Dr. Sam Christian

Dr. Sam Christian

Have you ever scratched one part of your body and felt a twinge in another part? Everybody has, but few notice it. When I was a teenager I was puzzled that if my left back itched and I scratched it, I would feel a twinge on the side of my right arm! That was quite a mystery because I knew from my mother’s nursing book that there was no direct nerve connection between these body parts. Back in those days if I had a G.P, I would experience that romantic longing at the lower part of my inner left knee. What was that all about?

Acupuncture is based on over 5000 years of observation. The ancient Chinese documented that a soldier surviving a shot with an arrow may recover from some chronic disease like migraine headaches. So they started sticking needles in that point and were able to get the same results. They came up with the theory that the human body had certain energy channels called meridians connecting different parts. Pricking specific locations stimulated the flow of life force (Chi) to cause healing. Over the centuries, hundreds of points over the body became associated with particular disease conditions. Yet, for the most part, the rest of the world considered it nothing more than mind-over-matter, superstitious voodoo.

I had always been fascinated with acupuncture. During my medical and surgical practice in Ohio I had to refer several chronic pain back patients to neurosurgeons. Some of the most complicated patients would come back with reports that the specialist declined to operate again, rather recommended acupuncture instead. Since I had trouble finding trained acupuncturists in Ohio I decided to go to San Francisco to study it to myself.

I trained at a world-renowned program associated with Stanford University. In my book Mannafast Miracle, I explain how the Western world first became interested in this ancient art following President Nixon’s breakthrough visit to China in 1972. James Reston, a famous New York Times reporter covering the trip, required an emergency appendectomy in Beijing. Acupuncture anesthesia is used. He remained awake throughout of the operation and actually watched the doctor reach into his belly and cut out his appendix. Reston was blown away! On his return home, he wrote a powerful article in America’s leading newspaper on acupuncture’s amazing pain relief capabilities. This prompted the Federal Food and Drug Administration and National Institutes of Health to investigate. They eventually approved its effectiveness in treating a wide range of illnesses which insurance companies reimburse.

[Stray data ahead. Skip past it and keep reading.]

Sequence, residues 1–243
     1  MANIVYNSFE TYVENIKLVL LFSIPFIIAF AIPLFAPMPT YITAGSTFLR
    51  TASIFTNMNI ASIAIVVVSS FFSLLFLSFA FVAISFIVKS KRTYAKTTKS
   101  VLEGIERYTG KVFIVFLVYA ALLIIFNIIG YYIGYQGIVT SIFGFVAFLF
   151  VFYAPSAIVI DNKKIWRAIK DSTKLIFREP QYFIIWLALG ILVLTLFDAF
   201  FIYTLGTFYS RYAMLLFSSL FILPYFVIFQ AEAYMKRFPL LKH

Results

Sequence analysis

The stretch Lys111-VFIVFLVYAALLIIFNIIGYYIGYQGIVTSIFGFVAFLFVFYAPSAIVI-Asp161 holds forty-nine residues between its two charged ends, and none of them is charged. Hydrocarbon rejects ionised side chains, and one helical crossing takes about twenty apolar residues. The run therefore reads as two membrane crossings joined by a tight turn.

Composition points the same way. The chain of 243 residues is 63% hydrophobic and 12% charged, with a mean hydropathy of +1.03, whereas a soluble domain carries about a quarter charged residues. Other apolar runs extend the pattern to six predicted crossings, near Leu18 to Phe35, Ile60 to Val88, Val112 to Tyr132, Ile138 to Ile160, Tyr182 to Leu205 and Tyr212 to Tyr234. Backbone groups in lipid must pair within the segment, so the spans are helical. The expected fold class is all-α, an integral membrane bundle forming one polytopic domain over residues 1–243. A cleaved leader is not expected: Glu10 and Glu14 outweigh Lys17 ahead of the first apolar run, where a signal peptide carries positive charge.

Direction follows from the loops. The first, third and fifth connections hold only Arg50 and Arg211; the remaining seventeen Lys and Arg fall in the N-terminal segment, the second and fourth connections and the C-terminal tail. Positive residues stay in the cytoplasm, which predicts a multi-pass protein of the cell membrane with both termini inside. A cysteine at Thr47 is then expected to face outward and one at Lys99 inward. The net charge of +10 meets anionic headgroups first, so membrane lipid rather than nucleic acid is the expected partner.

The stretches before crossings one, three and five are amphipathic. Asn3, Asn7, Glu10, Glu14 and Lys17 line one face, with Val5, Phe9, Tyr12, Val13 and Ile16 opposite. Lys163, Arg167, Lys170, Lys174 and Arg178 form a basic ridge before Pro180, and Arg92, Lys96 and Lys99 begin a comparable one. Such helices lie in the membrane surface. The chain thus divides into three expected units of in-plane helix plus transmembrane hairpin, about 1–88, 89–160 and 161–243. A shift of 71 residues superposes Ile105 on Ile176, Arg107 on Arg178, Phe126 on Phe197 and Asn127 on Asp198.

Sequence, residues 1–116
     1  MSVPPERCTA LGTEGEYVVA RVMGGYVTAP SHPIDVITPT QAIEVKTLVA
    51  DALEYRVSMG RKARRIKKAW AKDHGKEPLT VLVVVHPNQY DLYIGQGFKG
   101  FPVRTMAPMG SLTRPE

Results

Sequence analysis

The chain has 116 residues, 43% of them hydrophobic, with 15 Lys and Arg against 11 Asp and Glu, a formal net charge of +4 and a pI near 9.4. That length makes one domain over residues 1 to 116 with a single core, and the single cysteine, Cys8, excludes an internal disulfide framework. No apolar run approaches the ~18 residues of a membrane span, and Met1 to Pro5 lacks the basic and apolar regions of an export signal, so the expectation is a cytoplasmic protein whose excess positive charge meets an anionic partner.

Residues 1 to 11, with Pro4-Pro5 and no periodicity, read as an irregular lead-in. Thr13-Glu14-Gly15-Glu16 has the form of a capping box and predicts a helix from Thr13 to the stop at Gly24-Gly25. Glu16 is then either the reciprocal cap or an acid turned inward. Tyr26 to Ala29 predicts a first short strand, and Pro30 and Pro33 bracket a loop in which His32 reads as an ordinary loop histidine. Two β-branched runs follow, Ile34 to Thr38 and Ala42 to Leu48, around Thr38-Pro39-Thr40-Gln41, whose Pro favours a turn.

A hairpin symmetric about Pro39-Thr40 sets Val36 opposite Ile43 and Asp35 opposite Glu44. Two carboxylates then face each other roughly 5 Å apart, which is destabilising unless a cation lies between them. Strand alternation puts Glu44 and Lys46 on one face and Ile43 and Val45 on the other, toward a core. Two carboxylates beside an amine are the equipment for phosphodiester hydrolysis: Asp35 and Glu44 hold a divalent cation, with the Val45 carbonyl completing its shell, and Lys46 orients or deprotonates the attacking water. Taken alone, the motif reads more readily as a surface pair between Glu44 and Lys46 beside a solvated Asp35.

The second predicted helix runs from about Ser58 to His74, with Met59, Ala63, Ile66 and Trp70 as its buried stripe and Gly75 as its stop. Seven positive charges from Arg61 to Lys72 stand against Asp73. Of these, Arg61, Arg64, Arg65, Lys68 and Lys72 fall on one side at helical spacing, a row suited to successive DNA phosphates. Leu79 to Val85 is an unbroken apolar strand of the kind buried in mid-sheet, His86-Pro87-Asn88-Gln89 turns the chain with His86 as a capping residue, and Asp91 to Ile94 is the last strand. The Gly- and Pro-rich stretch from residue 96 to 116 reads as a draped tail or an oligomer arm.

The biggest problem with acupuncture is the almost universal fear of the word needle. That is perfectly normal. When a phlebotomist approaches me with that rigid needle, I try to be pleasant and joking. After all, I wouldn’t want her more tense, especially if she already knows it’s a doctor she is going to work on. But to be honest with you, all the time my toes are curled tightly in my shoes. I’m praying fervently that she is experienced and will need to take only one shot! In our acupuncture training, almost all the doctors whined like babies when we had to practice on each other – at first.

That is because acupuncture needles are different. They are not hollow for drawing blood or injecting medicine or IV fluids. They are therefore extremely thin and flexible – like a cat’s whisker – so thin in fact, they do not bleed like after a blood test. There is never a need to place a cotton ball and Band-Aid. Wherever I give presentations, like at the recent Fete Lautbor health seminar at Goodwill Secondary, everyone wanted to try it. They all agreed they hardly felt anything. Acupuncture is not magic yet, the benefits can be impressive and the risk is next to nothing.

None of us are here forever. We all want to go to heaven, but we would rather hang around down here as long as we can, enjoying that abundant life. To stay well, acupuncture is best used as complementary, that is, in support of the traditional proven treatments such as medication, surgery, radiation and various forms of therapy. Dominica has benefited much from Chinese wisdom. Medical conditions which are not improving may now probably benefit from this intriguing treatment from the East.

Dr. Sam Christian is specialist surgeon, speaker and author. He recently opened a Dominica practice.